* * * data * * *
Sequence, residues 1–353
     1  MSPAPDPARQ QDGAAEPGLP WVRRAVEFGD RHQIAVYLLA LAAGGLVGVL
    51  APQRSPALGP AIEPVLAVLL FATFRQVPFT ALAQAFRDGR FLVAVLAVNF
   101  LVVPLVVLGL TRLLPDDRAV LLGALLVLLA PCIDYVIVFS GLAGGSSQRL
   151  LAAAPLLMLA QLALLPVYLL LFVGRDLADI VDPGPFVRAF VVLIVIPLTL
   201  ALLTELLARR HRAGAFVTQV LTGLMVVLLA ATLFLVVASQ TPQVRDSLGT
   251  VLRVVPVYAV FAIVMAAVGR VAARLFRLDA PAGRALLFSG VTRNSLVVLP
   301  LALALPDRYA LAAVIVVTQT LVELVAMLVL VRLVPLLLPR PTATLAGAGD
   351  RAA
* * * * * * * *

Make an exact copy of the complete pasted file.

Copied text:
Sequence, residues 1–353
     1  MSPAPDPARQ QDGAAEPGLP WVRRAVEFGD RHQIAVYLLA LAAGGLVGVL
    51  APQRSPALGP AIEPVLAVLL FATFRQVPFT ALAQAFRDGR FLVAVLAVNF
   101  LVVPLVVLGL TRLLPDDRAV LLGALLVLLA PCIDYVIVFS GLAGGSSQRL
   151  LAAAPLLMLA QLALLPVYLL LFVGRDLADI VDPGPFVRAF VVLIVIPLTL
   201  ALLTELLARR HRAGAFVTQV LTGLMVVLLA ATLFLVVASQ TPQVRDSLGT
   251  VLRVVPVYAV FAIVMAAVGR VAARLFRLDA PAGRALLFSG VTRNSLVVLP
   301  LALALPDRYA LAAVIVVTQT LVELVAMLVL VRLVPLLLPR PTATLAGAGD
   351  RAA